Defending Israeli War Crimes

In
response to a series of reports by human rights organizations and
international legal scholars documenting serious large-scale violations
of international humanitarian law by Israeli armed forces in its recent
war on the Gaza Strip, 10 U.S. state attorneys general sent a letter
to Secretary of State Hillary Clinton defending the Israeli action. It
is virtually unprecedented for state attorneys general - whose mandates
focus on enforcement of state law - to weigh in on questions regarding
the laws of war, particularly in a conflict on the far side of the
world. More significantly, their statement runs directly counter to a
broad consensus of international legal opinion that recognizes that
Israel, as well as Hamas, engaged in war crimes.

The wording of the letter closely parallels arguments by Bush
administration officials in support for Israel's devastating offensive
during their final days in office. Having been signed nearly 11 weeks
after the end of the fighting and made public only late last month, it
may have been part of an effort to undermine tentative efforts by the
Obama administration to take a more balanced approach to the
Israeli-Palestinian conflict.

A statement by state attorneys general putting forth a legal rationale
for the large-scale killings of civilians is particularly distressing
as concerns about civilian casualties from U.S. air and missile strikes
in Afghanistan and Pakistan has grown.

The attorneys general signing on to the letter included Republicans
Rob McKenna of Washington, Mike Cox of Michigan, John Suthers of
Colorado, Bill McCollum of Florida, Jon Bruning of Nebraska, and Mark
Shurtleff of Utah. Signatories also included such prominent Democrats
as Richard Cordray of Ohio, Patrick Lynch of Rhode Island, Jack Conway
of Kentucky, and Buddy Caldwell of Louisiana.

Facile Legal Reasoning

The legal rationale put forward in the March 30 letter is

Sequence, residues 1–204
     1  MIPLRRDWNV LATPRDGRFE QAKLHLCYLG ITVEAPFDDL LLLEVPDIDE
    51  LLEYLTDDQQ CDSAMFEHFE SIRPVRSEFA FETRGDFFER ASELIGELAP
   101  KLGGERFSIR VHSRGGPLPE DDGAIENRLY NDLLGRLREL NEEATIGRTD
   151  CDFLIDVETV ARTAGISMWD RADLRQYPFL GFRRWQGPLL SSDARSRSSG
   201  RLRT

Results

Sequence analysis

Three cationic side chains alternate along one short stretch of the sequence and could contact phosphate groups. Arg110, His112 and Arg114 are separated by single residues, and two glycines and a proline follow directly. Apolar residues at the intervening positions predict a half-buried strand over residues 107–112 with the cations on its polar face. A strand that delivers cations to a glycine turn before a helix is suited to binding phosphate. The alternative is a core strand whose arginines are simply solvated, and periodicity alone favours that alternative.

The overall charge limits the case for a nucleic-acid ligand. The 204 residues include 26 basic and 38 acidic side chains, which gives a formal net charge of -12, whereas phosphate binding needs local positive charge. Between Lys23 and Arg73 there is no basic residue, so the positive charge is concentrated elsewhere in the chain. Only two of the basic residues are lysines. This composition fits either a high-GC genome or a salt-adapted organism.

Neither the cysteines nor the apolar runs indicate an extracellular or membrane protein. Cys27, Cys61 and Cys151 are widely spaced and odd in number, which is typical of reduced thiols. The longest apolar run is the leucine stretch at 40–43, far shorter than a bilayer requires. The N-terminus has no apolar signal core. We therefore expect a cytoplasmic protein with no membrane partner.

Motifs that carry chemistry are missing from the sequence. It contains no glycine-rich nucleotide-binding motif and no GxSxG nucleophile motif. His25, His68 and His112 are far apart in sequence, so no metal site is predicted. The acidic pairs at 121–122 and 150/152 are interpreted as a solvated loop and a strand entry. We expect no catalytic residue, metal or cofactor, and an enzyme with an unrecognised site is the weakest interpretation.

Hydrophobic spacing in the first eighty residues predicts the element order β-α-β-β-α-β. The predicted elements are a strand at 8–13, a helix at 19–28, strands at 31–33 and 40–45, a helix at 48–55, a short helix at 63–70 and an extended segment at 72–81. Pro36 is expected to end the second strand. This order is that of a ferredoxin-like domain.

extraordinarily facile. For example, they claim that the war waged on
the civilian infrastructure of the Gaza Strip was taken in furtherance
of Israel's "right to self-defense under Article 51 of the UN Charter."
In reality, however, while Article 51 does allow countries the right to
resist an armed attack, it doesn't grant any nation the right to engage
in such a disproportionate response.

Israeli Defense Minister Ehud Barak admitted that the Israeli
invasion had been planned for months, back when a six-month cease fire
was still in effect. Even when Hamas resumed firing rockets into Israel
in December, following a deadly Israeli raid into Gaza the previous
month, there were few casualties. Indeed, not a single Israeli had been
killed by Hamas rocket attacks for more than half a year prior to
Israel launching its war on December 27. During the subsequent three
weeks of fighting, Palestinians killed 10 Israelis, three of whom were
civilians, while Israeli forces killed more than 1,400 Palestinians,
the vast majority of whom were civilians.

Incredibly, these attorneys general insist that these mass killings
by Israeli forces were "justified and, in our view, met the
international legal standards."

The attorneys general also ignored the fact that Article 33 of the
UN Charter explicitly prohibits nations going to war unless they "first
of all, seek a solution by negotiation, enquiry, mediation,
conciliation, arbitration, judicial settlement, resort to regional
agencies or arrangements, or other peaceful means of their own
choice." However, Israel - with strong bipartisan U.S. support - had
refused to even meet with Hamas to negotiate a long-term ceasefire,
which Hamas had offered prior to the breakdown of the six-month lull in
return for a lift in the Israeli siege of the enclave.

The letter correctly accuses Hamas, which had lobbed rockets into
civilian-populated areas in southwestern Israel, of violating Article
48 of Protocol I to the Geneva Convention of 1948, which states:
"Parties to the conflict shall at all times distinguish between the
civilian population and combatants and between civilian objects and
military objectives and accordingly shall direct their operations only
against military objectives."

However, the attorneys general refused to acknowledge that Israel
had also violated that same provision on a far grander scale. While
virtually every human rights organization, intergovernmental
organization, and international legal authority that researched this
recent conflict recognizes both Hamas and Israel were guilty of war
crimes, these attorneys general still insist that Hamas alone was to
blame and that Israel's actions were perfectly legal.

Ignoring the Facts

Human Rights Watch (HRW) - which has been highly critical of Hamas
attacks on civilian areas of Israel as well as repression by the
Islamist group of Palestinian opponents within the Gaza Strip - reported
during the fighting that in using heavy shelling against
heavily-populated civilian areas, "Israel is committing indiscriminate
attacks in violation of the laws of war." In a comprehensive report
published in March, HRW noted that "Israel's repeated firing of white
phosphorus shells over densely populated areas of Gaza during its
recent military campaign was indiscriminate and is evidence of war